Saturday, October 17, 2020

Otter Watch Out (Spoiler Alert: Cute Video)

Posted By on Sat, Oct 17, 2020 at 6:55 PM

click to enlarge If you see otters, like these on a log at the Humboldt Bay National Wildlife Refuge, let HSU’s River Otter Citizen Science Project know. - MARK MCKENNA
  • Mark McKenna
  • If you see otters, like these on a log at the Humboldt Bay National Wildlife Refuge, let HSU’s River Otter Citizen Science Project know.
Once COVID-19 closed down the Humboldt State University campus, professor Jeff Black realized he wouldn't be walking to campus for his wildlife lectures, so he decided to get his daily exercise by going to the Arcata Marsh, while also keeping an eye out for otters.

And, he's asking others to do the same.

Spearheaded by Black, the River Otter Citizen Science Project started in 1999 looks to describe the distribution and populations of otters in the coasts, wetlands and watersheds of Humboldt, Del Norte and adjacent counties. Anytime residents or visitors spot an otter at any of these locations, they can document the data by reporting it on the River Otter Citizen Science website.

Out of the hundred times Black estimates he's visited the marsh in recent months, he says he's spotted otters about 80 times, maybe due to luck or because he’s learned a lot about how to find otters and the places where they tend to gather.

Since he began visiting the Arcata Marsh at the beginning of the pandemic, Black has seen two otters with a pup (he says if there was a way to grab the DNA of the second otter, we would be able to see that the otter is the daughter of the mother otter and  helping her with her newborn pup, as recent studies have shown). Black says he has seen the mother otter teach her pup where to hunt for food at different areas of the marsh.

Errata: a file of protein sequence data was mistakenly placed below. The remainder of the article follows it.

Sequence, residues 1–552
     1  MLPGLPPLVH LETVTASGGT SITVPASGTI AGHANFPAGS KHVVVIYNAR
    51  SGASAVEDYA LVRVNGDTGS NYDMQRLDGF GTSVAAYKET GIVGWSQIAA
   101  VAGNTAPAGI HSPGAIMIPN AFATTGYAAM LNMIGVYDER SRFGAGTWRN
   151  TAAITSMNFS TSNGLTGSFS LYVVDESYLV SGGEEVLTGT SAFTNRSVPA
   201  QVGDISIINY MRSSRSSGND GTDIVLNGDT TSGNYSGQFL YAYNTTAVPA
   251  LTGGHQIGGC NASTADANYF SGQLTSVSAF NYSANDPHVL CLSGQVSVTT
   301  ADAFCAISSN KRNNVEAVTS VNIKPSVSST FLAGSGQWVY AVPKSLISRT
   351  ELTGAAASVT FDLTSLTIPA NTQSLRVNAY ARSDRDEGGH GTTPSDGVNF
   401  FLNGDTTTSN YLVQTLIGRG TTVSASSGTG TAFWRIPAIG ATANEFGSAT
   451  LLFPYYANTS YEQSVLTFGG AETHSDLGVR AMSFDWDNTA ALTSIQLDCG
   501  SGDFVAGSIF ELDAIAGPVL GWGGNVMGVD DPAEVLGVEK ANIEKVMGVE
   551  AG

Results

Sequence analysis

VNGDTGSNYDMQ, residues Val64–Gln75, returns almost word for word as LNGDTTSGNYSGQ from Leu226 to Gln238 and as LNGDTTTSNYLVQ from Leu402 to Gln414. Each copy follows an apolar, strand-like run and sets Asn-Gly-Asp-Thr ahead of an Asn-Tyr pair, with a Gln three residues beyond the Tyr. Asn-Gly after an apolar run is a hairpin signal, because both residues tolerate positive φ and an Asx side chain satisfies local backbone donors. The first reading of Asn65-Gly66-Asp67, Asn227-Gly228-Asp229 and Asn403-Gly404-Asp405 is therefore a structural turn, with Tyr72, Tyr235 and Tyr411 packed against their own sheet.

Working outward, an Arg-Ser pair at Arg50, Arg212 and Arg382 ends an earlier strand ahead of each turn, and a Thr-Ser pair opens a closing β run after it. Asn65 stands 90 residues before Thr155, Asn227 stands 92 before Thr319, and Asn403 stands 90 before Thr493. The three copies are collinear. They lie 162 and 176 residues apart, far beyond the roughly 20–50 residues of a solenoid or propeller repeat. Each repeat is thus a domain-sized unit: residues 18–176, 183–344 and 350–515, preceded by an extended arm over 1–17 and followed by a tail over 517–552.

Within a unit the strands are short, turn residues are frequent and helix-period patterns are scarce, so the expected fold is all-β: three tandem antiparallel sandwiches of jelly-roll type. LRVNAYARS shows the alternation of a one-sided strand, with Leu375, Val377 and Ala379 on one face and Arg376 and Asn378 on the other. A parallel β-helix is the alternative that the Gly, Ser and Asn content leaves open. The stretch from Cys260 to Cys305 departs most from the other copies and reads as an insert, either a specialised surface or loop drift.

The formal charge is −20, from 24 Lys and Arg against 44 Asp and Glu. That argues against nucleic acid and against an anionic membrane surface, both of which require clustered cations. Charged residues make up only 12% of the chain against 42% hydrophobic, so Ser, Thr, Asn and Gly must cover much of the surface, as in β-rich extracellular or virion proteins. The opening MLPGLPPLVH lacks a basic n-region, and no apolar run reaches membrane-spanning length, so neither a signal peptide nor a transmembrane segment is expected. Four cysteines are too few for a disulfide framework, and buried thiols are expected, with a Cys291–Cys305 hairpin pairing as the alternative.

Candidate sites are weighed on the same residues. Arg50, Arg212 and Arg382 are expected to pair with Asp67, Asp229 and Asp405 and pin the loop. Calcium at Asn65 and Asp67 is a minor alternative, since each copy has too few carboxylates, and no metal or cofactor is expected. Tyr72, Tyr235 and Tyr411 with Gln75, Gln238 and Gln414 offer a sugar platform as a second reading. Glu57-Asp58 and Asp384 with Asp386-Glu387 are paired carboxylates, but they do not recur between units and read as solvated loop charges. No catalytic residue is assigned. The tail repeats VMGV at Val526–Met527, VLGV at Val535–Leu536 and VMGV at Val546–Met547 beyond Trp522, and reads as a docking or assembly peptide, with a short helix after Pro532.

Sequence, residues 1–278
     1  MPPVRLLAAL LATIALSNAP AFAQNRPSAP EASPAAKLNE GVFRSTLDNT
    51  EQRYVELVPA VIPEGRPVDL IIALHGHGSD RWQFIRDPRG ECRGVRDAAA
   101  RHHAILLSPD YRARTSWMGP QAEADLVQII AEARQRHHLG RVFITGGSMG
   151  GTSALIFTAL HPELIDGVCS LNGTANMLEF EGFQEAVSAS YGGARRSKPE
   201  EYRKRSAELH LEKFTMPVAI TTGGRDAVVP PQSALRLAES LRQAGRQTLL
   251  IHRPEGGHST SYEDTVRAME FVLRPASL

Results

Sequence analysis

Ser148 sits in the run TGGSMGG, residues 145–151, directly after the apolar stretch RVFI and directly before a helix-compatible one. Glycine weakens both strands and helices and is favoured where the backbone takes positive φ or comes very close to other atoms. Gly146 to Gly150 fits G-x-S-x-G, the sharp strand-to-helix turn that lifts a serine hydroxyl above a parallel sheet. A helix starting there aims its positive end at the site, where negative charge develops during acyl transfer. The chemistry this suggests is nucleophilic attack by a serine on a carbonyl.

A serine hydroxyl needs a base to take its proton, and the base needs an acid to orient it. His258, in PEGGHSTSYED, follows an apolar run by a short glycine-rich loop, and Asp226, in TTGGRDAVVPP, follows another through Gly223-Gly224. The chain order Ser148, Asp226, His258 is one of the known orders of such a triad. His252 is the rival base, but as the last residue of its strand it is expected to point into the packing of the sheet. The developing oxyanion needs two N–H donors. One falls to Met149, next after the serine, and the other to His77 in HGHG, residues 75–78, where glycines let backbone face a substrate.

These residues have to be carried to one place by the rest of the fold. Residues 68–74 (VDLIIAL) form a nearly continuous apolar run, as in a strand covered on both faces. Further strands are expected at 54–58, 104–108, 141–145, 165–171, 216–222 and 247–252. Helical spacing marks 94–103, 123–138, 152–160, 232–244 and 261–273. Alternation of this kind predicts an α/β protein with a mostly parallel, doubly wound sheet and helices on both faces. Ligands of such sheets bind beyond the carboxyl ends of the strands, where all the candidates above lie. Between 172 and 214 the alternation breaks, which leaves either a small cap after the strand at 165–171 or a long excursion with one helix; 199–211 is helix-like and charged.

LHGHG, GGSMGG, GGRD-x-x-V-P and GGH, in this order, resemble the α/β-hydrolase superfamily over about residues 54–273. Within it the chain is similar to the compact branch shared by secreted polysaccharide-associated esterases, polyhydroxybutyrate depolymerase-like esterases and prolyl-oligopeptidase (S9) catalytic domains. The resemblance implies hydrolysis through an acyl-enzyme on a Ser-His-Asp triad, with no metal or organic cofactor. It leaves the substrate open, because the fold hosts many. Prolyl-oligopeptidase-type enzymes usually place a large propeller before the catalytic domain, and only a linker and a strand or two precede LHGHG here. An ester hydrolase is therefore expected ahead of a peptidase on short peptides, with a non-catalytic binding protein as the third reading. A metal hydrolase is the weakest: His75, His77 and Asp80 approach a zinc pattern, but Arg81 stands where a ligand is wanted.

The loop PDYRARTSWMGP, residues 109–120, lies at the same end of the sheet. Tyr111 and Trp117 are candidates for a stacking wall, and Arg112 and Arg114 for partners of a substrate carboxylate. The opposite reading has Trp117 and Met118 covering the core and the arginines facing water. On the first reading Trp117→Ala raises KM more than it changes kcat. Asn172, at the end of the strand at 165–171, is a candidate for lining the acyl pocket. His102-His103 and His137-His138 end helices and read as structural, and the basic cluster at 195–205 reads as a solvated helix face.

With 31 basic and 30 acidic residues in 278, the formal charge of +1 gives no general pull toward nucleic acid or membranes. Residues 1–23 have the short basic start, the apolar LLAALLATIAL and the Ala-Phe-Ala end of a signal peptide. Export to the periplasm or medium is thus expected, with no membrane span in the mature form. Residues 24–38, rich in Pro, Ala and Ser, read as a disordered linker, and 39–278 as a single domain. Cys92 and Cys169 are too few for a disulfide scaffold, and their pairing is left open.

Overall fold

Black has also seen a group of seven otters come through the marsh from Humboldt Bay, and a group of four hunt for food.

“It’s been really fun seeing the otters making use of the marsh,” Black says.

Black says that the number of otter sightings at the marsh haven’t changed during the pandemic, with about 400 sightings being reported to the River Otter Citizen Science Project — the same as past years.

With that being said, the city of Arcata recently reminded visitors and residents alike of the need to drive slowly near the marsh, especially on I Street, with not just otters but other wildlife making their way across local streets.

If you see an otter, no matter where you are, report it to the HSU’s River Otter Citizen Science Project here.
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Iridian Casarez

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Iridian Casarez is a staff writer at the North Coast Journal.

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